# Category: Excel®

## Basic Formula Series: The Excel® Sum Formula

Excel® formulas have their own logic and syntax, much like math problems. Once you understand the syntax, you can save a great deal of time by building basic and complex formulas to do the majority of your work for you. Where in math problems you combine numbers with variables, in…

## Using the Excel PMT Function to Determine Loan Interest

We start out with a basic premise that we borrow \$10,000.00 (D1). Our interest is 3.0% (D2) and the monthly payments are forty-eight months (D3). The PMT formula calculates what to pay back on a monthly payment loan. There are three arguments in this function; RATE,NPER,PV. Two other arguments shown…

## Use VLOOKUP to Find Values from an Excel® Table

VLOOKUP. You’ve heard about it – but what does it do? Vlookup searches a list for a value in the left most column and retrieves the corresponding value from other columns in that row. As an Excel user, what does that mean for you? Let’s say your organization receives donor…

## Eliminate Your Frustration with Excel Time Formulas!

Working with time in Excel can be a problem.  Have you ever calculated how long a person was at work, and then wanted to multiply that time by an hourly wage?  It isn’t difficult to fail miserably! But, if you know the trick, Excel time formulas are easy. First, start…

## Tips for Taking on VBA & Excel Macros, Part 2

Last week, the feature was for the advanced Excel users who are not programmers and new to VBA.  This post continues that theme.  The Immediate Window Is Your Friend The Immediate Window is where you can test code against current data and see the results. Use this to make sure…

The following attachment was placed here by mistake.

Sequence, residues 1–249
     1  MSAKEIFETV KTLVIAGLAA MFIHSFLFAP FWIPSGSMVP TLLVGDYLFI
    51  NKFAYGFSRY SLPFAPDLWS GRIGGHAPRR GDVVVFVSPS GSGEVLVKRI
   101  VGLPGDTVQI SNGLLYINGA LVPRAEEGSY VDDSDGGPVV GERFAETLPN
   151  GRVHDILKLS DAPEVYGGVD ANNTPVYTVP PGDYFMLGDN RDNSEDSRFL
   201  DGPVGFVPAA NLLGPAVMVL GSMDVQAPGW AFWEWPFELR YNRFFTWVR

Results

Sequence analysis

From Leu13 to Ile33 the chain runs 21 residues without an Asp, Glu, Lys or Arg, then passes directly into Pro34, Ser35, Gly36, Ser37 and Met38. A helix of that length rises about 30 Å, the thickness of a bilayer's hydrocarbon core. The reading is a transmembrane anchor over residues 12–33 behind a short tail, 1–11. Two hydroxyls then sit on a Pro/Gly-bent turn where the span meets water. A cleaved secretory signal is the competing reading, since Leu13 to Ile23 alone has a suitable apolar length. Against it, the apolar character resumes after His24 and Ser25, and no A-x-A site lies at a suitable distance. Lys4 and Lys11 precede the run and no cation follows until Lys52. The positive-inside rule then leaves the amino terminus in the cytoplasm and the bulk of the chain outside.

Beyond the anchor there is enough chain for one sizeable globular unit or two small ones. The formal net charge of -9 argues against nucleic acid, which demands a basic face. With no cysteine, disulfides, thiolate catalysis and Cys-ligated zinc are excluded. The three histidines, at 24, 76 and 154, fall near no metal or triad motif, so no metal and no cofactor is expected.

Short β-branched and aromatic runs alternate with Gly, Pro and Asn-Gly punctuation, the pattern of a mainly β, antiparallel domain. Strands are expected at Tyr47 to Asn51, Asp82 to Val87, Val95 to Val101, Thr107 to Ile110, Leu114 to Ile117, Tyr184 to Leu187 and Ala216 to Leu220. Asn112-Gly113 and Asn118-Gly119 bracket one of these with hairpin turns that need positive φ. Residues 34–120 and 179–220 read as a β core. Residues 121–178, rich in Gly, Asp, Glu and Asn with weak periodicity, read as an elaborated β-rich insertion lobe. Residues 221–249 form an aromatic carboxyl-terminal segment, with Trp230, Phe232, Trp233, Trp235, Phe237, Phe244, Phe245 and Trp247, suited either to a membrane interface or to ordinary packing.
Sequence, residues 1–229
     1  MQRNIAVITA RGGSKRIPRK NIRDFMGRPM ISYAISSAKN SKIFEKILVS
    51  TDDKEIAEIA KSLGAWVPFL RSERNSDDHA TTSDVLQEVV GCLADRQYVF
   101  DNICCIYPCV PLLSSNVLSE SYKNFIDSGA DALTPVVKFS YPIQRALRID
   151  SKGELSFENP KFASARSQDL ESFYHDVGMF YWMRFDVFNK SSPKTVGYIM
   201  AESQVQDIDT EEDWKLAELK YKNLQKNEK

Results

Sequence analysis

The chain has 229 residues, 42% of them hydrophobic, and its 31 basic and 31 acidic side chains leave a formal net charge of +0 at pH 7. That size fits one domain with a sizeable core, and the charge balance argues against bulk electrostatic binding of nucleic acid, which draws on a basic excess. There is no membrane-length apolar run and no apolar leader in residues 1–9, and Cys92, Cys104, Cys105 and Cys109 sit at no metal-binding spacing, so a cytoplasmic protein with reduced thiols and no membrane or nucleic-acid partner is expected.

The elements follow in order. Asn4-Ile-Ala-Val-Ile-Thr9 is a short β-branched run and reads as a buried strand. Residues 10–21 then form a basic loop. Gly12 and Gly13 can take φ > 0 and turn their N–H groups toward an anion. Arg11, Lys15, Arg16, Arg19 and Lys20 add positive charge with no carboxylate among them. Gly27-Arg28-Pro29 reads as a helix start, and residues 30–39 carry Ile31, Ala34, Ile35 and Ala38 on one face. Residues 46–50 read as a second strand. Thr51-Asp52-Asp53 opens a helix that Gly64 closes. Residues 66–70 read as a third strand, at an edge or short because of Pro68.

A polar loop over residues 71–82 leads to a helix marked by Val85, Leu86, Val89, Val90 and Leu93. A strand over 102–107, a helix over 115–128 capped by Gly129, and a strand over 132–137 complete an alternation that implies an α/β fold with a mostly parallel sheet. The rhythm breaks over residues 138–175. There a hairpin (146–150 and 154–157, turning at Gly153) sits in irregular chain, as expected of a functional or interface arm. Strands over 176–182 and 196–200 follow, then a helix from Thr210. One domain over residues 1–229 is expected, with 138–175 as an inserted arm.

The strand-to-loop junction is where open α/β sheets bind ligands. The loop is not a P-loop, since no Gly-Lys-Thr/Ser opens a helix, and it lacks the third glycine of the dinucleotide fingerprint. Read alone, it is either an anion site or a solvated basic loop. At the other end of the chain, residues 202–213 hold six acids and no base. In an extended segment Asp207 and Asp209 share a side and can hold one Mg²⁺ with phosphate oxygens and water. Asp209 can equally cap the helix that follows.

## Tips for Taking on VBA & Excel Macros

For the advanced Excel users who are not programmers and new to VBA It’s inevitable. If you are an Excel power user, you will reach a point where formulas and the built-in Macro Recorder just aren't enough. When that happens, VBA (Visual Basic for Applications) macros may be just the…

## Excel Chart Options: Adding Titles

Charts provide an easy-to-assemble but clear and persuasive illustration of your data. Excel offers a variety of charts in both two-dimensional and three-dimensional formats. Default features, however, may not provide the look and include all of the data you wish to be displayed. One common functional need of a chart…

## How to Use the IF Formula in Excel, Part 2

As amazing as the IF formula is alone, it really comes into its own when used in groups. In our last post, we talked about how to apply discounts to customer quotes based on a set of criteria being met. This week we’ll introduce you to nested IF functions. Nested…

## How to Use the IF Formula in Excel, Part 1

Sometimes you need your data to tell you more. The IF formula as a function gives your data a voice and turns raw numbers into useful information. For example: Your wholesale company charges different rates depending on the size of bulk orders – customers who order more receive volume discounts.…

## Excel PivotTable Percentage: Which Customers Are Costing You A Fortune?

Let's suppose you have sales by state, and each state belongs to a sales region. What percentage of your sales come from each region? First, Set Up Your PivotTable 1. Align your data in a table format, as shown here. Type "State," "Region," and "Sales" in row A. 2. Drag…
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